The Navy and Northrop Grumman [NOC] completed the third successful live fire test of the AGM-88G Advanced Anti-Radiation Guided Missile Extended Range (AARGM-ER), the company announced July 21.

The Navy launched the missile from an F/A-18E/F Super Hornet at the Point Mugu Sea Range off the coast of California. The company said the missile used its advanced emitter acquisition system to detect a land-based threat and “engaged the threat system.”

This comes after Northrop Grumman and the Navy completed the second live fire test in January (Defense Daily, Feb. 15).

The base model AARGM is used to suppress enemy air defense systems, while the AARGM-ER has improvements that seek to extend its range, survivability and effectiveness against more advanced and mobile surface-to-air missile launchers.. The Navy will integrate the AARGM-ER onto its F/A-18E/F Super Hornets, EA-18G Growlers and F-35s.

Northrop Grumman’s AARGM-ER missile check fit in the F-35 weapons bay. Photo: Northrop Grumman

The AARGM-ER includes a new solid rocket motor, new warhead and tail control fins with a control actuator system compared to the older missile’s mid-body control.

The Navy authorized the AARGM-ER program for Milestone C last September, setting the stage for it to transition into low-rate initial production (LRIP). Northrop Grumman first won the engineering and manufacturing development contract for the AARGM-ER in 2019 (Defense Daily, Sept. 2, 2021).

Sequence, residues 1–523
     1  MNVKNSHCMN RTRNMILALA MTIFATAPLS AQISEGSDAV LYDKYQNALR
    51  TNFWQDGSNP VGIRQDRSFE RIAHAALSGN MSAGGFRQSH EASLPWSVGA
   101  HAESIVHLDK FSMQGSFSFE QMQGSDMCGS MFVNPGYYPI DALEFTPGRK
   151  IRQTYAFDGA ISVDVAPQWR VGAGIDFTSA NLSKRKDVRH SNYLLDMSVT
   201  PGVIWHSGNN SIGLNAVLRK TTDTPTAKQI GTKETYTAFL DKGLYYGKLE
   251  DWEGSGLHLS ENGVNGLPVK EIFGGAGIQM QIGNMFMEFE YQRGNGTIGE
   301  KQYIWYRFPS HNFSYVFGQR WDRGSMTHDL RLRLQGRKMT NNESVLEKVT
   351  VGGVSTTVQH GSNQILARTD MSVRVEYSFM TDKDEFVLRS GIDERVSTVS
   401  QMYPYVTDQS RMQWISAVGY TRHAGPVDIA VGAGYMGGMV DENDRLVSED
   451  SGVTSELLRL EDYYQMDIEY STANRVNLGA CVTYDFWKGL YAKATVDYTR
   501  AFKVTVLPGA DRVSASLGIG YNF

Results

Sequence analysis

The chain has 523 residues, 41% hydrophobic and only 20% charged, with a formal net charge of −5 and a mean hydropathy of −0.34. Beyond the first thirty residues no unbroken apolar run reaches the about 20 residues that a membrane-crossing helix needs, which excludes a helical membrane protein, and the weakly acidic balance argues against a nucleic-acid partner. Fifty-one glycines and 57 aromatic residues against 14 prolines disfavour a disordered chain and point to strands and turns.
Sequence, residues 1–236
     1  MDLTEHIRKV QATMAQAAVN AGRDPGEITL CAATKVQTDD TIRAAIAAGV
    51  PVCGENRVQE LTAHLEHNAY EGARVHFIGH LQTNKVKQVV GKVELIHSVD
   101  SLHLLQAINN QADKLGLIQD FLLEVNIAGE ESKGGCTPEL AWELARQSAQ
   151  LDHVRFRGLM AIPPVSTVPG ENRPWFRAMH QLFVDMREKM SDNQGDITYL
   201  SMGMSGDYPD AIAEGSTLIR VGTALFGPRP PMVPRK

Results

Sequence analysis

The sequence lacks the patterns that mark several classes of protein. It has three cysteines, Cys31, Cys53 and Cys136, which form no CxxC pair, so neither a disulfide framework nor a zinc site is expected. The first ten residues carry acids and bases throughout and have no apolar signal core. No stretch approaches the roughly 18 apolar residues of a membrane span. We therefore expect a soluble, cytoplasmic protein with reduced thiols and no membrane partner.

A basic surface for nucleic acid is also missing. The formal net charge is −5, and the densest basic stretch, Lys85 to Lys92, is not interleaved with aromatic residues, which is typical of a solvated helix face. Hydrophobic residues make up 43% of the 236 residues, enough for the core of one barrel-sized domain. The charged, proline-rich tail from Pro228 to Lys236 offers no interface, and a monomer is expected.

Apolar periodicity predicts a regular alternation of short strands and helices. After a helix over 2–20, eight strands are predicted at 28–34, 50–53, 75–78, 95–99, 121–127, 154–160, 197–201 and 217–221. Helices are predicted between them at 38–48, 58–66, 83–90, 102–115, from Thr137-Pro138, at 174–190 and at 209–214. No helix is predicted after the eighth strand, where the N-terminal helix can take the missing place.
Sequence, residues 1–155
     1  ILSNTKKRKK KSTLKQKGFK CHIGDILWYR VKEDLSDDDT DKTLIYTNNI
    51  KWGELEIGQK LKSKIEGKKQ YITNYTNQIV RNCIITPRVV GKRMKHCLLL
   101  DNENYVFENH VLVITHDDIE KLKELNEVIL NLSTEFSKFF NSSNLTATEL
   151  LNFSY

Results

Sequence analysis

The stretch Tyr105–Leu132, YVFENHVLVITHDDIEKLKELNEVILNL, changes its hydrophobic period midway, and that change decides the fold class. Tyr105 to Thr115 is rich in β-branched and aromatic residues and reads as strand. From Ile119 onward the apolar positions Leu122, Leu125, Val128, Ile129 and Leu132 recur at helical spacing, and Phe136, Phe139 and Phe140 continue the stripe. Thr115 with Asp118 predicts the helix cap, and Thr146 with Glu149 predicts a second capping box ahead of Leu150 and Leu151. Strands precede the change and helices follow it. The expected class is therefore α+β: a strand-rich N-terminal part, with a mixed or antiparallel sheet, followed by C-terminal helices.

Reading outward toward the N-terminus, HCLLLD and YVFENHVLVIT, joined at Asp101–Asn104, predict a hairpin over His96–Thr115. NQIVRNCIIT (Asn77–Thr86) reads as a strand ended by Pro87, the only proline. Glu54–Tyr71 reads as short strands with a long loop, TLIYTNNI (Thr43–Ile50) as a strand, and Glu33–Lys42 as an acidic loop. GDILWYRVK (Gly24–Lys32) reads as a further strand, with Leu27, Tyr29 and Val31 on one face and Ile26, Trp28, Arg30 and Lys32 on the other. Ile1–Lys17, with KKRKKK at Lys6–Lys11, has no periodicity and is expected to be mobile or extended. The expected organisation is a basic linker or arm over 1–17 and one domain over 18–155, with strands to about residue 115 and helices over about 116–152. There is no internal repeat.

The Navy previously said it was continuing live fire tests of the missile through 2022, leading to initial operational capability (IOC) fielding, planned in 2023.

“The Navy requirement for AARGM-ER is now. AARGM-ER performed as expected and detected, identified, located and engaged a land-based air defense radar system. The continued success of our developmental testing moves the program closer to fielding,” Captain A.C. Dutko, Navy Program Manager for Direct and Time Sensitive Strike (PMA-242), said in a statement.

LRIP Lot 1 AARGM-ER missiles are currently in production by Northrop Grumman.

The Lot 1 missiles will be followed by LRIP Lot 2 units, consisting of 16 all-up rounds and six captive air training missiles . The Navy awarded the company a $45.6 million Lot 2 contract last December.

“Northrop Grumman is focused on delivering AARGM-ER capability to the U.S. Navy on-time to meet a critical warfighting need. We understand the requirement and we have the experience and know-how as a missile prime to deliver this time critical asset on an accelerated schedule,” Mary Petryszyn, president of Northrop Grumman Defense Systems, said in a statement.

In April, Doug Larratt, Northrop Grumman’s AARGM-ER program director said Northrop Grumman has delivered “well over 1,400” AARGM all up rounds and spares to the Navy.

At the same event, the Navy’s Dutko said the service expects to enter into and finish operational testing of the AARGM-ER in fiscal year 2023, with IOC expected in the fourth quarter of FY ‘ 23, followed by full rate production in FY ’25 (Defense Daily, April 4).